Monday, August 07, 2006

The Transfiguration (In a culture in search of "Meaning")

Moses sees God in the Face:

“Moses said, `I pray thee, show me thy glory.’ And he said, `I will make all my goodness pass before you, and will proclaim before you my name “The Lord;” and I will be gracious to whom I will be gracious, and will show mercy on whom I will how mercy. But,’ he said, `you cannot see my face; for man shall not see me and live.’ And the Lord said, `Behold, there is a place by me where you shall stand upon the rock; and while my glory passes by I will put you in a cleft of the rock, and I will cover you with my hand until I have passed by; then I will take away my hand, and you shall see my back; but my face shall not be seen.”[1]

Comment: Moses asks for a more intimate knowledge of God – to see his glory, that is, to see him as he really is. But…it is not possible for man, given his creaturely limitations, to fully comprehend God. The Bible frequently refers to the fact that `no one can see the face of God and live’ (cf. 20; Gen 32, 30; Ex. 1921; Deut. 4, 33; Judg. 6, 22-23). To show the sublime greatness of God, Scripture says that even the Seraphim hide their face in the presence of the Lord (cf. Is. 6, 2).

“The vision of God described so mysteriously here is a work of special for to Moses, his special friend (cf. Num. 12, 7-8; Deut. 34, 10). But not even he is allowed to see God directly; he will see only the back of him, as if to say that man can only manage to see God in the tracks he leaves behind. This vision was a very special privilege, and it is one which will also be given to Elijah[2] (cf. 1 [3] Kings 19, 9-13). And it is in fact these two men who appear in the Transfiguration on Mount Tabor (cf. Mt. 17, 1-7), where Christ’s divinity is revealed. Only Christ has seen God and has made him known (cf. Jn. 1, 18). The blessed in heaven will attain the fullest vision of God (cf. 1 Cor. 31, 12; 1 Jn. 3, 2) (Navarre Bible, Pentateuch, 386, 392).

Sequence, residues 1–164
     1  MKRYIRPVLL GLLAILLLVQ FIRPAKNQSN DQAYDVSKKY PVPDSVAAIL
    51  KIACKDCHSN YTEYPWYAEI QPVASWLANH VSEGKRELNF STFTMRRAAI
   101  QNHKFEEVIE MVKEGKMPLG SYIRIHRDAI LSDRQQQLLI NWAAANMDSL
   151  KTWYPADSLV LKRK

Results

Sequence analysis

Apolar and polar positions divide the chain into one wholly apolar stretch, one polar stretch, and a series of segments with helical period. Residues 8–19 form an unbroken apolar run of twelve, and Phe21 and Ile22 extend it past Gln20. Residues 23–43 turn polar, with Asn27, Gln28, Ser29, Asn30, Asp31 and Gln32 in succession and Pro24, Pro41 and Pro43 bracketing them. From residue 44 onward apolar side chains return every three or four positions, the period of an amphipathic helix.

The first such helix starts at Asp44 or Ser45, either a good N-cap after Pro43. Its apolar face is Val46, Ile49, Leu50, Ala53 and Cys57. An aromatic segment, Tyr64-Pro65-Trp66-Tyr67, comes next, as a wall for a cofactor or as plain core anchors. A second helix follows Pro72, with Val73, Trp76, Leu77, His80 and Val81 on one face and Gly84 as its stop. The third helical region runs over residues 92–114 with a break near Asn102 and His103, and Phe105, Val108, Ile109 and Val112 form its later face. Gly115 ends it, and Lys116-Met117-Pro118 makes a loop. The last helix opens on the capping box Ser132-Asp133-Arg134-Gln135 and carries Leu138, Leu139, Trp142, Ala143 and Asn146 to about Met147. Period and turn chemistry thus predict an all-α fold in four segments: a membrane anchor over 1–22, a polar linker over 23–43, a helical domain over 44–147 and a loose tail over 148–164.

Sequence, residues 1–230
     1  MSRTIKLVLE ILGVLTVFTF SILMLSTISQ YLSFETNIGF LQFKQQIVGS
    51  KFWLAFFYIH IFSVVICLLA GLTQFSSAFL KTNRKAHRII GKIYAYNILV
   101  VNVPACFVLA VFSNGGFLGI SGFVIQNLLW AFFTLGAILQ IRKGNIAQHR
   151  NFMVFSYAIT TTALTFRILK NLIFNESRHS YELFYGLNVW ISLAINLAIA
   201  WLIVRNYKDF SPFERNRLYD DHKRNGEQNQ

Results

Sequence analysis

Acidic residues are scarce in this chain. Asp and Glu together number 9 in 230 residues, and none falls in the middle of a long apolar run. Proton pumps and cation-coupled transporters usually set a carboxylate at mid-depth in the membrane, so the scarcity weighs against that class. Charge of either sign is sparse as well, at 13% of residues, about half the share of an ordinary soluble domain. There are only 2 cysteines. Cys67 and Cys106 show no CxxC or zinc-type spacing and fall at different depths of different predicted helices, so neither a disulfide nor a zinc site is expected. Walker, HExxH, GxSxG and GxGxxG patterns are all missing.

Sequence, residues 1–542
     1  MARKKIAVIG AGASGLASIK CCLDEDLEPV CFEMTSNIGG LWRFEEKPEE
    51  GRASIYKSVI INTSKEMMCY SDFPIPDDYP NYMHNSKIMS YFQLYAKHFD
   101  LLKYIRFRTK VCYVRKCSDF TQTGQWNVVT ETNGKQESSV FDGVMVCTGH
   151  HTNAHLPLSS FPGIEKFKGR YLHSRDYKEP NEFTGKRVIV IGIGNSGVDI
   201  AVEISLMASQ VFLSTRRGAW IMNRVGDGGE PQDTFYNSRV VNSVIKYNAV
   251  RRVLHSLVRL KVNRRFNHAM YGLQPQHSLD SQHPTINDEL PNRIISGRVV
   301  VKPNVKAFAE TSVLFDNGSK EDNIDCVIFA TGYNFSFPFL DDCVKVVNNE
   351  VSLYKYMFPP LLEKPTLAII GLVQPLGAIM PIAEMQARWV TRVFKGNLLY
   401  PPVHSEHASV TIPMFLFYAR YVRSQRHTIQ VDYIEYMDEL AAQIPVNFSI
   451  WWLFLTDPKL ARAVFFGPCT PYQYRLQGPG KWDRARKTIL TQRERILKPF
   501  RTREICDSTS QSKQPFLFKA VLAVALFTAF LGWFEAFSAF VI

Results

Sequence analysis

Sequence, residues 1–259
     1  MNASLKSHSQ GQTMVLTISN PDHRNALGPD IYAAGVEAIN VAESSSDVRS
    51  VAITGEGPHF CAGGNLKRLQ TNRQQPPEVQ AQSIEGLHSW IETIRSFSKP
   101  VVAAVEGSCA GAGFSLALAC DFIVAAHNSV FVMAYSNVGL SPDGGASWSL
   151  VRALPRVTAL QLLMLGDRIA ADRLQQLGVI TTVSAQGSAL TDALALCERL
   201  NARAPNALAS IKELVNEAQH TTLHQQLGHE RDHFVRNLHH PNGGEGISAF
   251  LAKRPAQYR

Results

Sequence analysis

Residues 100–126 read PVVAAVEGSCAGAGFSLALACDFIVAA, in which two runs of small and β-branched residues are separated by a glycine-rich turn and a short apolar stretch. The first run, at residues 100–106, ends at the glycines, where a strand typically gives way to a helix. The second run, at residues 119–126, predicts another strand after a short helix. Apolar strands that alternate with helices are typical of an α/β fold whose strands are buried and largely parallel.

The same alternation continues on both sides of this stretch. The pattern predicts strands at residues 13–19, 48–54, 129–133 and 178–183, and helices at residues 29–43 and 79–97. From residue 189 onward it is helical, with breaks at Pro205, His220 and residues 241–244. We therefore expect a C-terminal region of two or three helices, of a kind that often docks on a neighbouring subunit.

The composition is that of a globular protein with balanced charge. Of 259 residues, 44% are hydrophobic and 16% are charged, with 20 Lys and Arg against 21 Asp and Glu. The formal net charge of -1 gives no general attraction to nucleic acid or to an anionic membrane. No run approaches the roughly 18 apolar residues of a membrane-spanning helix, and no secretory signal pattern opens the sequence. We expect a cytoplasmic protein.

The Brilliance of the Face of One Who Has Seen God: The Apostolate!

“When Moses came down from Mount Sinai, with the two tables of the testimony in his hand as he came down from the mountain Moses did not know that the skin of his face shone because he had been talking with God. And when Aaron and all the people of Israel saw Moses, behold, the skin of his face shone, and they were afraid to come near him. But Moses called to them; and Aaron and all the leaders of the congregation returned to him, and Moses talked with them. And afterward all the people of Israel came near and he gave them in commandment all that the LORD had spoken with him in Mount Sinai. And when Moses had finished speaking with them, he put a veil on his face; but whenever Moses went in before the LORD to speak with him, he took the veil off, until he came out; and when he came out, and told the people of Israel what he was commanded, the people of Israel saw the face of Moses, that the skin of Moses’ face shone; and Moses would put the veil upon his face again, until he went into speak with him.”[3]